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ASPA files $10 Mil lawsuit over scrap metal cleanup

The American Samoa Power Authority is suing Good Year Corporation (GYC) for breach of contract in the removal of scrap metal and other debris from the Tafuna Scrap Metal Yard (TSMY).

The lawsuit against GYC, a subsidiary of Hong Kong-based Beltrade Group, was filed Apr. 12 this year. ASPA is represented by the law firm of Ashley & Associates.

Last Friday, the court granted ASPA’s motion to allow service of the lawsuit by publication, since GYC is no longer in operation in the territory. This means ASPA will be publishing the notice in the local papers so that the company can be notified.

ASPA is accusing GYC of instructing employees to “bury extensive amounts of scrap metal, gas cylinders and scrap wire” below the surface of TSMY before the property was  returned to ASPA.


According to the complaint, ASPA and GYC, which is no longer operating in the territory, entered into an agreement around October 2007 where the defendant agreed to pay ASPA $300,000 for the right to remove all recyclable materials, as well as other materials from the TSMY.

Additionally, a provision of the agreement states that GYC was to provide a $500,000 performance bond to ASPA as a surety against potential breach of its contractual agreement.

The agreement further states that in the event that the Contractor fails to successfully satisfy its contractual obligations under this agreement with the terms stated, the contractor would forfeit to ASPA the entire Performance Bond and waive its right to challenge said forfeiture in any court.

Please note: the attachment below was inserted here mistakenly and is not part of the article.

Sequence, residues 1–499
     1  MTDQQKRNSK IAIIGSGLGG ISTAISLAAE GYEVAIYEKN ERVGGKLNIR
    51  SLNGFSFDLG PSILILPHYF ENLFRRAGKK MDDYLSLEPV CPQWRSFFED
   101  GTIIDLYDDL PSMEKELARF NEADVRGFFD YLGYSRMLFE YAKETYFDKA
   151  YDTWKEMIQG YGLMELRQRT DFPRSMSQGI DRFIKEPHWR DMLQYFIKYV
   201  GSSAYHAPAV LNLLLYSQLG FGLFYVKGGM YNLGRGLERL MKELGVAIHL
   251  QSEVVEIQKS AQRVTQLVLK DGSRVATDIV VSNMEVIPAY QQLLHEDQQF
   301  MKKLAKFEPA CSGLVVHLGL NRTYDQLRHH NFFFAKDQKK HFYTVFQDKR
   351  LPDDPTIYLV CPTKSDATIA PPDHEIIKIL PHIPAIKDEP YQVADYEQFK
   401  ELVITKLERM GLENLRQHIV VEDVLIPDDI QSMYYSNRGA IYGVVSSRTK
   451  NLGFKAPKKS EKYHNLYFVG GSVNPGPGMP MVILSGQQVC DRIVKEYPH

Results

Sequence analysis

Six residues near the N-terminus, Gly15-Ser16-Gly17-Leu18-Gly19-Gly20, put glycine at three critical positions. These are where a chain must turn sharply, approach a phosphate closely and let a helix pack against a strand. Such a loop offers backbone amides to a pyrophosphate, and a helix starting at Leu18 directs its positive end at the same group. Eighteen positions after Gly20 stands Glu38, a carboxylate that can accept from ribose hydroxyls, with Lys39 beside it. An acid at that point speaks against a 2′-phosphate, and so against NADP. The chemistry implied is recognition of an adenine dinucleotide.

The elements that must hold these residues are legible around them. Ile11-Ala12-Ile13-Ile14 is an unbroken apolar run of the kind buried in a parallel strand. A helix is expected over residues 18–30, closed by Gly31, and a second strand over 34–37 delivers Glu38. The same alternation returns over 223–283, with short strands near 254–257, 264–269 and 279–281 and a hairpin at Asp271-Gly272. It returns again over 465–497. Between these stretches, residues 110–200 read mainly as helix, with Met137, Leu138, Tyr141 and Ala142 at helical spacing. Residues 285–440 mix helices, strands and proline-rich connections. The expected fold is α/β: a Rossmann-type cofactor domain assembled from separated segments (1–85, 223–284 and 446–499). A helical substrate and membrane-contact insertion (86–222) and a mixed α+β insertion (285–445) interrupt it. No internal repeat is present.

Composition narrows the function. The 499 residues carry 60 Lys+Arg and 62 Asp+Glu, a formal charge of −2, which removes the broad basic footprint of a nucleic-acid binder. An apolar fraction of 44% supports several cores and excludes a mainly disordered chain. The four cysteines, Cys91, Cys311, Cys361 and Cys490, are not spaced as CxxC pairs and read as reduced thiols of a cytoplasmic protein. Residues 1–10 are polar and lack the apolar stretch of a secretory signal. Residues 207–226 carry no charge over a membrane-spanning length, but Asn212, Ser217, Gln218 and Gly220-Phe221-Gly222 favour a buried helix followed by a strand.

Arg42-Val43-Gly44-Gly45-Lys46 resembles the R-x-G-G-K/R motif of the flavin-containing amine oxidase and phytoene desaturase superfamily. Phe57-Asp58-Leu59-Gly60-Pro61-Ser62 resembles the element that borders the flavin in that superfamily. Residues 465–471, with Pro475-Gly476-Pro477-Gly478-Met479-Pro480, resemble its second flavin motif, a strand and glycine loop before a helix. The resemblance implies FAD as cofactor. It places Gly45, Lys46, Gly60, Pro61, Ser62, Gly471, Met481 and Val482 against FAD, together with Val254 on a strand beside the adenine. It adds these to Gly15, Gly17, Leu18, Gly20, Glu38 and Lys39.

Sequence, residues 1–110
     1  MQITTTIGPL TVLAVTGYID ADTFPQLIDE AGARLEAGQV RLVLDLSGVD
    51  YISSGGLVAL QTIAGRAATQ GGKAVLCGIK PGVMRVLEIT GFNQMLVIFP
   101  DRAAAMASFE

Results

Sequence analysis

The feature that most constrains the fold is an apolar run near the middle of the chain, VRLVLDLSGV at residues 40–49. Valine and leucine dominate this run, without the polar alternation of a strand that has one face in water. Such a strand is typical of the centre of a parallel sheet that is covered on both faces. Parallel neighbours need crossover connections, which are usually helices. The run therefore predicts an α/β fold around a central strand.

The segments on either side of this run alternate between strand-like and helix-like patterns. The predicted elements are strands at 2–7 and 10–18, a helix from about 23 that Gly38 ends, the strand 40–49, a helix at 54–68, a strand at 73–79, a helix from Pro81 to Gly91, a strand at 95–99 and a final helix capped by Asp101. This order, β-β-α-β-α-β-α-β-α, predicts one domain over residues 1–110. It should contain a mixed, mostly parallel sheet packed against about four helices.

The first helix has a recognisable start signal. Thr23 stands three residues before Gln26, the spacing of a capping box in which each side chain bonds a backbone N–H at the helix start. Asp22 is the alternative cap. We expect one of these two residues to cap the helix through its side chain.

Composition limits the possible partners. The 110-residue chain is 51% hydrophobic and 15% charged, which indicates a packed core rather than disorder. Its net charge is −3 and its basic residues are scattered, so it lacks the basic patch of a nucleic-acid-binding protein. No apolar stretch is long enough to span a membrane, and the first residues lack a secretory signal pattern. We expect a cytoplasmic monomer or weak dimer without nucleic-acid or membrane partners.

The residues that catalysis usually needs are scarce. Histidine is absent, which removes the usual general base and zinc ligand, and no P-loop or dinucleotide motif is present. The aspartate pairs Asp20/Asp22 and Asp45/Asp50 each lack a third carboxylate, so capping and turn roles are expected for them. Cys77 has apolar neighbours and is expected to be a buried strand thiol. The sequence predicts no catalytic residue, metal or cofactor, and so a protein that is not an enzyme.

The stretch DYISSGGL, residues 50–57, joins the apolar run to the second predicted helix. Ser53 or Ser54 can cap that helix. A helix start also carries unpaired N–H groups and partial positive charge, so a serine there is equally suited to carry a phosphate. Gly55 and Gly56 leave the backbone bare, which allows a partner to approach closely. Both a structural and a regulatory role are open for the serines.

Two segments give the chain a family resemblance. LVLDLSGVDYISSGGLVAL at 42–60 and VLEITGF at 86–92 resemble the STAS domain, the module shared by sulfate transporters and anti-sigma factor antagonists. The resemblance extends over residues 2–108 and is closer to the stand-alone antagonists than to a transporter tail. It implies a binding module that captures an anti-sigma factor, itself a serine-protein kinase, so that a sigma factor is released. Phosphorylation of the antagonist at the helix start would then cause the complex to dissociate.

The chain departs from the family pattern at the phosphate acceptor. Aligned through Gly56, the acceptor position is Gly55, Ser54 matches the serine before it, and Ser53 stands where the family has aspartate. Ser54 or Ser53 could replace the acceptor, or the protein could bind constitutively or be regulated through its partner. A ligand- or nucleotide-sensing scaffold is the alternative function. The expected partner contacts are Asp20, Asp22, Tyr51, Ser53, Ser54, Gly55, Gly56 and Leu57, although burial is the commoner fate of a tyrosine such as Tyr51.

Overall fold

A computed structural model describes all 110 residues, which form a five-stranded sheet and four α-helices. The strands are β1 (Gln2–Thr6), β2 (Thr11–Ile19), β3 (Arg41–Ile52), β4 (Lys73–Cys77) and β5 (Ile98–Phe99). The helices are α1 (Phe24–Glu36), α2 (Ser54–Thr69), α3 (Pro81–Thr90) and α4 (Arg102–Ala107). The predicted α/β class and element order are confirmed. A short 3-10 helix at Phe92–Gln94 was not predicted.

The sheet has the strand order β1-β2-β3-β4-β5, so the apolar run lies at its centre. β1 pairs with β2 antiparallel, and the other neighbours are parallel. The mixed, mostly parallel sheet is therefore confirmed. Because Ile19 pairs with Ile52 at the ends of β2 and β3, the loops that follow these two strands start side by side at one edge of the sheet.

Moreover, the agreement stipulates that if it’s discovered that any materials or soil are found to be contaminated at TSMY by the federal and territorial environmental protection agencies, GYC would be “solely financially responsible” for the disposable of the contaminated materials and soil according to standards required by the local EPA.

According to the complaint, amendments were later made to the agreement.

One amendment called for GYC to complete its performance work by Apr. 15, 2010 and the other amendment released the $500,000 performance bond and replaced it with a $100,000 performance bond.

The complaint goes on to say that around Apr. 9, 2010, gas cylinders under the control of GYC in the TSMY discharged hazardous gases into the environment, just six days before the defendant was supposed to complete all of their obligations pursuant to the 2007 agreement and subsequent amendments.

“Trevor Stevenson, the TSMY Site Manager of GYC, directed other GYC employees to discharge the harmful gases into the environment during the Apr. 9, 2010 incident at TSMY,” ASPA alleges in the complaint, adding that this incident is the subject of an ongoing criminal investigation. (ASPA didn’t say if the criminal investigation is being conducted by local or federal authorities, or both.)

ASPA further alleges that the gas release incident was “an intentional act... by GYC in an effort to vacate the TSMY and avoid breaching the Apr. 15, 2010 complete performance deadline.”

According to ASPA, GYC did not complete the terms of the October 2007 agreement and amendments by the Apr. 15, 2010 deadline. It also notes that around Apr. 23, 2010, the USEPA received a request from ASEPA to take environmental samples at TSMY.